5 Practice, Regulation & Education Committee and the PR&E Models Revision Subcommittee. Given the breadth and scope of the project, the Subcommittee recommended a two-year process, with an update report to the 2004 Delegate Assembly and a final Position Paper and resources for consideration by the 2005 Delegate Assembly. This work is the culmination of that effort. III. Premises The following premises guided the Subcommittee deliberations: A. Consumers have a right to health care that meets legal standards of care regardless of the setting. The safety and well-being of the client/client group must be the central focus of all decisions regarding delegation of nursing tasks and functions to nursing assistive personnel (NCSBN, 1997). B. State Nurse Practice Acts and Nursing Administrative Rules/Regulations define the legal parameters for nursing delegation (ANA 1994). Most states authorize registered nurses to delegate. Many states also authorize licensed practical/vocational nurses to delegate in specified settings and/or circumstances (NCSBN, 1997). Provision of any care that constitutes nursing or any activity represented as nursing is a regulatory responsibility of boards of nursing. C. Nursing is an outcome driven, knowledge-based, process discipline that is context dependent and requires critical thinking. Nursing cannot be reduced solely to a list of tasks. The licensed nurse s specialized education, professional judgment and discretion are essential for quality nursing care (NCSBN, 1997). D. There is a need and a place for competent, appropriately supervised nursing assistive personnel in the delivery of affordable, quality health care (NCSBN, 1997). E. All decisions related to delegation of nursing tasks must be based on the fundamental principle of protection of the health, safety and welfare of the public that is the underlying principle of nursing regulation. Decisions to delegate nursing tasks/functions/activities are based on the needs of clients, the stability of client conditions, the complexity of the task, the predictability of the outcome, the available resources to meet those needs and the judgment of the nurse (NCSBN, 1997). F. It is imperative for the delegating nurse to have an understanding of what the NAP s credential represents in terms of education and demonstration of skill. The supervising nurse also needs to be informed regarding the nursing assistive personnel s education and competency. G. The skill and art of delegation need to be developed, with both didactic content and opportunity to apply theory in a simulated context. The effective use of delegation requires a nurse to have a body of practice experience and the authority to implement the delegation. H. Nursing employers need to recognize that a newly licensed nurse is a novice who is still acquiring foundational knowledge and skills. In addition, many nurses lack the knowledge, skill and the confidence to delegate effectively, so ongoing opportunities to enforce the theory and apply the principles of delegation is an essential part of employment orientation and staff development as well as a topic for continuing education offerings, mentoring opportunities and other continued competence strategies. I. The practice pervasive functions of assessment, planning, evaluation and nursing judgment cannot be delegated (NCSBN, 1997). J. While a licensed nurse must be actively involved in and be accountable for all managerial decisions, policymaking and practices related to the delegation of nursing care, there is both individual accountability and organizational accountability for delegation (JONA, 1999; ANA 2005). Organizational accountability for delegation relates to providing 5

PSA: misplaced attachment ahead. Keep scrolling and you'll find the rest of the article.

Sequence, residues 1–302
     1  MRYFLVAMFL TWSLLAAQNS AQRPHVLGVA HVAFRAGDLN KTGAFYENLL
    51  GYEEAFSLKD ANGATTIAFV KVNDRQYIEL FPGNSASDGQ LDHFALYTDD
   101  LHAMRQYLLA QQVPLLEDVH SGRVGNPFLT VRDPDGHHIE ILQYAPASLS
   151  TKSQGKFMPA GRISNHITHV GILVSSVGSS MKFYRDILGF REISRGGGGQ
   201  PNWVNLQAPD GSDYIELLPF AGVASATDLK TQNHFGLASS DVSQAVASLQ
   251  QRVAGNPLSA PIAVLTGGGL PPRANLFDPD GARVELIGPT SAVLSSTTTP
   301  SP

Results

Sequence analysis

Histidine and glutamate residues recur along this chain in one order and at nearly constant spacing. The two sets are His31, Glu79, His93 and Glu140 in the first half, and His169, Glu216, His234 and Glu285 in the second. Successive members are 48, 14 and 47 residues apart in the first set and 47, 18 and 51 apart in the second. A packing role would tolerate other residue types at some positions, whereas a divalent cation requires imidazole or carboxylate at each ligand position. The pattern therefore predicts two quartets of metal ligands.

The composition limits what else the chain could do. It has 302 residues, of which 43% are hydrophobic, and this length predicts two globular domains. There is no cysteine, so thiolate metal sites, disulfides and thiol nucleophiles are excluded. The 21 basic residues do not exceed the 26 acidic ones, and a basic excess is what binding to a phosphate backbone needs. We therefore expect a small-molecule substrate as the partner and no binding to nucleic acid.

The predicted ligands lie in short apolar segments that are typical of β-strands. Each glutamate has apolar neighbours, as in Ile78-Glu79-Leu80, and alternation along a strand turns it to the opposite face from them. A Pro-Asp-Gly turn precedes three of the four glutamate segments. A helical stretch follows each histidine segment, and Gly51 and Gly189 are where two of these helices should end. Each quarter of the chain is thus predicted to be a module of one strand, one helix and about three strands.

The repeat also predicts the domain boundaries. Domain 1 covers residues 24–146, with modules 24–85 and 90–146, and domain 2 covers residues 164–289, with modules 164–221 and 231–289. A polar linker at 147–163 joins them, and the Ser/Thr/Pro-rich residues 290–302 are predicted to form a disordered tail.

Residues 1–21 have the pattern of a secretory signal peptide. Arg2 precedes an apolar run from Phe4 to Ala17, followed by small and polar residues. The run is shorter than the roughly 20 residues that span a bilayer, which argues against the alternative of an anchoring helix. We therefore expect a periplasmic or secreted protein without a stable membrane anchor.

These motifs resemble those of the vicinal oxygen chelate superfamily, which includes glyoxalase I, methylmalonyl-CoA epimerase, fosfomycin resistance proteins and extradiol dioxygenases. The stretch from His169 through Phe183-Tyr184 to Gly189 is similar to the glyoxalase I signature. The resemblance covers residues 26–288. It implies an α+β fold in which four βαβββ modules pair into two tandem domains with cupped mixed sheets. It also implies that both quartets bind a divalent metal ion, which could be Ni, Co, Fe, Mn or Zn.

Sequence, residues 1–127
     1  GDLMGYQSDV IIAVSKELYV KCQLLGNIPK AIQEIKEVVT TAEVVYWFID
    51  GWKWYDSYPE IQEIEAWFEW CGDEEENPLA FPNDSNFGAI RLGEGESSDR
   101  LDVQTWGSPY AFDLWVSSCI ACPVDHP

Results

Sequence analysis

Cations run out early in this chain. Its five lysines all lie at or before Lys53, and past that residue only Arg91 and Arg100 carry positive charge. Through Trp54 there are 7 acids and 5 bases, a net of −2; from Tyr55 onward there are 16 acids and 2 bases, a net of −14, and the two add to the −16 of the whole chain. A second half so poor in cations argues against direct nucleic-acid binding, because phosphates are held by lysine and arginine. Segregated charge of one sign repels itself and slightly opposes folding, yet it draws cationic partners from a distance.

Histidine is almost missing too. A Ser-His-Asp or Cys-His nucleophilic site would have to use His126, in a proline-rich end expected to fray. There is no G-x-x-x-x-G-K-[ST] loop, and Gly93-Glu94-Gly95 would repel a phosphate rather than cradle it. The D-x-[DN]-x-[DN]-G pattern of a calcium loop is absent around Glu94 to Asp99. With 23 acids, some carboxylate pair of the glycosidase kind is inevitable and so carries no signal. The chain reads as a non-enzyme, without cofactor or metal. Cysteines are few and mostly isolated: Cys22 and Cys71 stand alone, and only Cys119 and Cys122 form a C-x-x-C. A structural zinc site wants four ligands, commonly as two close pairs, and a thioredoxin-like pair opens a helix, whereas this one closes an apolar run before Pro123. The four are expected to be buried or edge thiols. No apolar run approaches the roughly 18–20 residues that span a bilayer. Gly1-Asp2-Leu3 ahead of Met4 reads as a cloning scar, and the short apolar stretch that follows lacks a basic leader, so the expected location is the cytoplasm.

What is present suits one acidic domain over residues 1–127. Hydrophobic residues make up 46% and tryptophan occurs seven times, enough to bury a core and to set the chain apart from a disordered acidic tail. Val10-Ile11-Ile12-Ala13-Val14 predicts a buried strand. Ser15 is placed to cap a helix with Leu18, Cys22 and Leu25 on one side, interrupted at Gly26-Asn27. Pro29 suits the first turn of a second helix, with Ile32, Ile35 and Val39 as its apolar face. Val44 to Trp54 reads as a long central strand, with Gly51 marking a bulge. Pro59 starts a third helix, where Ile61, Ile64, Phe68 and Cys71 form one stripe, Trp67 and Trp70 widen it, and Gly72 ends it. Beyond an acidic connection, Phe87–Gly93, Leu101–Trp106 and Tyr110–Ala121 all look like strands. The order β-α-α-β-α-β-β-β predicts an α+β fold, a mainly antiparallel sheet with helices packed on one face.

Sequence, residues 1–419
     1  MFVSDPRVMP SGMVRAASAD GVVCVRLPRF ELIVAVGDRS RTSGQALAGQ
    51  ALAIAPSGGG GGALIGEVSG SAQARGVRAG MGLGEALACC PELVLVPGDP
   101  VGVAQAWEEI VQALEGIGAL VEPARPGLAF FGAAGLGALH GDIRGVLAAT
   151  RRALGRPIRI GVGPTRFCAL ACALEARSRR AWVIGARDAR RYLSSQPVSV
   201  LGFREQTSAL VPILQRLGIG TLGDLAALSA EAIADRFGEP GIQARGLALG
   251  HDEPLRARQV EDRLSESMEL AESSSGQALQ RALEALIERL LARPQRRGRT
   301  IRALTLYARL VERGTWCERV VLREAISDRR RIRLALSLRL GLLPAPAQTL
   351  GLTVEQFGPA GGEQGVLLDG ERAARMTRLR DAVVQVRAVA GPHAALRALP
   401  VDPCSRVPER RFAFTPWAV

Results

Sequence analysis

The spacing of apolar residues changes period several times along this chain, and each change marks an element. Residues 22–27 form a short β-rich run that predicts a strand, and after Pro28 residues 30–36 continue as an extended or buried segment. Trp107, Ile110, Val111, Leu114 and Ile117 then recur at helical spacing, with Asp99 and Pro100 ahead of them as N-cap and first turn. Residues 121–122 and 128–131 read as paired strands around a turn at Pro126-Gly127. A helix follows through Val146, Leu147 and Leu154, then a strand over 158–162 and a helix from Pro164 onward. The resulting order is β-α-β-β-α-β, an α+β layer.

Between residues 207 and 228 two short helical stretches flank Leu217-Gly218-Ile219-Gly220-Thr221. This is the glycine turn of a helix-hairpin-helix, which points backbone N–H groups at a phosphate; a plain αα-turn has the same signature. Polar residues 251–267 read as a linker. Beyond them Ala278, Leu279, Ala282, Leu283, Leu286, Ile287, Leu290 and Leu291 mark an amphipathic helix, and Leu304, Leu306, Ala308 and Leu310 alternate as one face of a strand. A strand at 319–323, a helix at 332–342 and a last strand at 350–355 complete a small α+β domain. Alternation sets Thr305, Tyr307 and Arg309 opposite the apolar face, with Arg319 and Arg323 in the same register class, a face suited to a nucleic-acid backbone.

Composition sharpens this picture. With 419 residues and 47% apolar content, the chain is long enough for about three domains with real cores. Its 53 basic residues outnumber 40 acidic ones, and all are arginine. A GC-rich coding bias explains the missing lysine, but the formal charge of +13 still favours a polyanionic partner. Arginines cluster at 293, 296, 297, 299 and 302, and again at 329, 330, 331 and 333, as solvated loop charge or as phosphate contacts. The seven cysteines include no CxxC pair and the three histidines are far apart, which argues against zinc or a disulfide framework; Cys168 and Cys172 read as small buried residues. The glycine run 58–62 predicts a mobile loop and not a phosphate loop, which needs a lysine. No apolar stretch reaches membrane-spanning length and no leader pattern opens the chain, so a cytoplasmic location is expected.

6 sufficient resources, staffing, appropriate staff mix, implementation of policies and role descriptions, opportunity for continuing staff development and creating an environment conducive to teamwork, collaboration and client-centered care. IV. Data Collection Survey of Boards of Nursing NCSBN Member Boards were surveyed regarding needs and concerns pertaining to delegation and nursing assistive personnel. An electronic survey was distributed by in November 2003 asking for input regarding delegation and nursing assistive personnel. The critical challenges identified by respondents included: Evolving work settings, with expanded use of nursing assistive personnel, fragmentation in regulation, the use of untrained personnel in some settings (e.g., schools, jails, community homes), and assistive personnel in physician offices. Variation in terminology and titles. Lack of standardized training and competency assessment issues. Accountability and responsibility issues. Lack of understanding by employers regarding the scope of issues and problems. RN discomfort with the delegation process and lack of both authority and time to appropriately delegate and provide adequate supervision. The survey respondents suggested a variety of resources that would be helpful to address these challenges, ranging from an updated Position Paper to standardized curriculums to standards for use and training across all settings. Review of Current State Nurse Practice Acts and Rules/Regulations Member Board Nurse Practice Acts and Nursing Administrative Rules/Regulations documents were reviewed for the terms delegation, direction, assignment, supervision, management and nursing assistive personnel (nursing assistants, nurse aides and unlicensed nursing assistive personnel) (see Appendix A Analysis of Nurse Practice Acts and Administrative Rules Regarding Nursing Assistive Personnel and Delegation). Forty-eight (48) boards have some reference to delegation in either the nurse practice act or rules; of these, 35 boards references appear in nurse practice acts and 43 boards references appear in the rules. Forty-four (44) boards included a definition of delegation in either the practice act or rules. Thirty-nine (39) boards authorized delegation by RNs; 23 boards authorized delegation by LPN/VNs. Fifteen (15) boards addressed delegation in standards of nursing practice. Thirtytwo (32) boards addressed delegation or supervision in the grounds for discipline. Five boards specifically addressed delegation in the curriculum portion of education rules. Six boards inferred delegation when no specific language exists. One state advised that nurses do not delegate in that jurisdiction. Thirty (30) boards have separate portions of the act or rules that address delegation, often providing criteria for delegation. Twelve boards provide lists of nursing functions that may be delegated or lists of nursing tasks that should not be delegated. Some states are silent regarding delegation in Nurse Practice Act, but have lengthy rules about the topic. Currently, 13 nursing boards manage the nurse aide registry in their respective states. Twenty-five (25) address nurse aide/nursing assistant training, 20 boards medication aides, and 23 boards have sections of the law or rules regulating some aspect of nurse aide/nursing assistant activities. 6 There is much variation in the titles of nursing assistive personnel (e.g., unlicensed nursing personnel, nursing assistant, nurse aide, patient care attendant, patient care aide, etc). At least